If you know anything about computers, you’ve likely heard
of Intel- they’re one of the largest hardware manufacturers around, and provide
tech for everything from media centers to gaming consoles. What you may not
know, however, is how they go about developing this technology- through a
rather revolutionary method known as “tick tock”.
What it is:
Developed in early 2007, “tick tock” is “Intel's strategy to
predictably introduce a new microarchitecture--the tock, such as
"Nehalem"--and a new silicon process technology--the tick, such as
our 45nm process technology--in alternating years. Tick-tock strategy provides
Intel with a competitive advantage. “(Intel)
Okay, so I’m sure at least a few of you have noticed a
problem with the preceding paragraph: Unless you’ve more than a passing
knowledge of computers- specifically of hardware and software- they might as
well be speaking Greek. So in order to understand Intel’s Tick Tock, we’re
first going to have to understand two key terms: Microarchitecture and Process
Technology. Here’s where it gets a little complicated.
At its base, each computer chip consists of two primary
elements: The Instruction Set Architecture, and the Microarchitecture. The
Instruction Set Architecture is related to the programming of a computer- how
the computer understands what each 1 and 0 in binary (the basic language of
computers) means, what instructions are to be carried out and when, et-cetera.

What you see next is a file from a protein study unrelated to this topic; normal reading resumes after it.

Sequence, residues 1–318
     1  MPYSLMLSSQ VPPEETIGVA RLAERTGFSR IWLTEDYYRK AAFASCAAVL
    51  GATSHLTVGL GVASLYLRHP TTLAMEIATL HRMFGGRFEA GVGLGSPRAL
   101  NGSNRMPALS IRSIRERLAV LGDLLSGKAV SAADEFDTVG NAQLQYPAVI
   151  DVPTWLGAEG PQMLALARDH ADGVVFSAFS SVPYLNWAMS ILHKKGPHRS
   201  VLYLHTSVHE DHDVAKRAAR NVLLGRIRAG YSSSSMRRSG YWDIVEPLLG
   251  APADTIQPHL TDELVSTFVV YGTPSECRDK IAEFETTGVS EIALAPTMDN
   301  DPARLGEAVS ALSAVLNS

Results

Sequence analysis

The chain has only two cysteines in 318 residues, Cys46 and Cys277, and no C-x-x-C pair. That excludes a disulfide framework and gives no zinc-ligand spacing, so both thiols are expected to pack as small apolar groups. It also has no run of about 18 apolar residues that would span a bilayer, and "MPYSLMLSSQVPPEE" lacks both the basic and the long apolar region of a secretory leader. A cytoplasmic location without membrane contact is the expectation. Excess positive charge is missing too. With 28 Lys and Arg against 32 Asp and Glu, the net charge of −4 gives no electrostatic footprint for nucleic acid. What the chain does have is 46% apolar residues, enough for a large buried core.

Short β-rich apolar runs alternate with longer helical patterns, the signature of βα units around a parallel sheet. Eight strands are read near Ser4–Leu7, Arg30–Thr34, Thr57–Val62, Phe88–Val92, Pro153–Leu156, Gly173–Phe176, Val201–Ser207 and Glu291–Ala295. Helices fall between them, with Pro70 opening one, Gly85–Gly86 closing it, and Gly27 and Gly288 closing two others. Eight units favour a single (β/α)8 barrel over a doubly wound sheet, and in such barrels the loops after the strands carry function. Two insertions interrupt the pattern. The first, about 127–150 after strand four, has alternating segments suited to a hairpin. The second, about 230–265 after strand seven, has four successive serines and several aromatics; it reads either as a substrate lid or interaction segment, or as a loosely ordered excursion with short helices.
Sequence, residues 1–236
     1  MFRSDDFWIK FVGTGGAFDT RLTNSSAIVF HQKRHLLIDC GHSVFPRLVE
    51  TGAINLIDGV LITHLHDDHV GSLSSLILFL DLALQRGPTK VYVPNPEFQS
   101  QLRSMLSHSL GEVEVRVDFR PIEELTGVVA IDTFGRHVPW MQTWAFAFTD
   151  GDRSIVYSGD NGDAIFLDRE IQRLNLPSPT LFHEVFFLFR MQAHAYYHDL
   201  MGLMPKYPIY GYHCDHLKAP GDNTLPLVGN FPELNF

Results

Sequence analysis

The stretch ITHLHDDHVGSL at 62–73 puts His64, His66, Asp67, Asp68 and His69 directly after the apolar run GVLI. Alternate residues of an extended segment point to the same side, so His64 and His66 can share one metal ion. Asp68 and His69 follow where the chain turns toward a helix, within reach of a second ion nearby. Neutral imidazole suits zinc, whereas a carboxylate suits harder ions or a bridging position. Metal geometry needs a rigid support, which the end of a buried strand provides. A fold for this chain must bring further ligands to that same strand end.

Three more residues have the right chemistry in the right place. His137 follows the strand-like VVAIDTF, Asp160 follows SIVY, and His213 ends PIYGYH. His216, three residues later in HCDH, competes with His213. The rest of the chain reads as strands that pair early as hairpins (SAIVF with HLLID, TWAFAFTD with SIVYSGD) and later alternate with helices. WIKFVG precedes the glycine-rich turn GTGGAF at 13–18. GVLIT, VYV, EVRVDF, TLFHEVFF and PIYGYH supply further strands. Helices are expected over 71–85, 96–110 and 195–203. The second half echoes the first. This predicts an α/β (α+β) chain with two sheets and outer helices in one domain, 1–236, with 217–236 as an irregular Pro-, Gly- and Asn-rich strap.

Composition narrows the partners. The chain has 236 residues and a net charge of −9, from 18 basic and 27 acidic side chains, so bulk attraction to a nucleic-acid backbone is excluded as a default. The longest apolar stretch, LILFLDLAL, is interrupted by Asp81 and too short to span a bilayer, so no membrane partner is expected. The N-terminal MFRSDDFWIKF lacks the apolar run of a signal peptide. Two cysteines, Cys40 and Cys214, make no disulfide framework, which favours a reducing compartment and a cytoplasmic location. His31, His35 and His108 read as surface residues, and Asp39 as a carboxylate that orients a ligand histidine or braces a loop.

To simplify, the Instruction Set Architecture is the part of the computer chip
or processor that deals with what the chip does- it’s a ‘bridge’ between
software and hardware.
The Microarchitecture, on the other hand, can be seen as how
the ISA does what it does. It’s how everything is ultimately organized on the
chip or processor. Granted, there’s a bit more to it than that, but for the
purpose of understanding Tick Tock, that’s really all you need to know.
So basically, on every tock, Intel releases a new means
of organizing a computer chip, so to speak.
Got it? Good. Now, for the second term.
So you might notice that I’ve referred to it as “process
technology” rather than “Silicon Process Technology”; the reason being,
well…this term is actually a bit ambiguous. We’ve detailed how the Instruction
Set Architecture deals with what the chip does, the microarchitecture is how it
does that, and the processor; the processor is basically what kicks into gear
once the ISA has determined what needs to be done. To get right into it, the
ISA can be seen as the foreman of a factory, the Microarchitecture can be seen
as the organization of the factory floor, and the Processor comprises the
workers and machines that keep the factory running- they carry out the
instructions of the foreman as best they can with the way the factory’s
organized. So on every tick, Intel
releases a new processor.
In Layman’s Terms
Ultimately, Intel’s Tick Tock method can be summed up in
the following simplified statement: Every ‘tick’, Intel releases a new, more
complex processor. Then, every ‘tock’, Intel develops a microarchitectural
‘blueprint’ of sorts designed specifically FOR the increased complexity of the
The advantages of this are pretty clear – they bring out
new technology one year and then proceed to optimize that technology the
following year. Rather than blindly forging ahead and running into
compatibility or design issues, they go back and forth, like a pendulum. A very
interesting innovation, and one that’s helped Intel to jump ahead in the market
since its development. Tick, tock, tick, tock.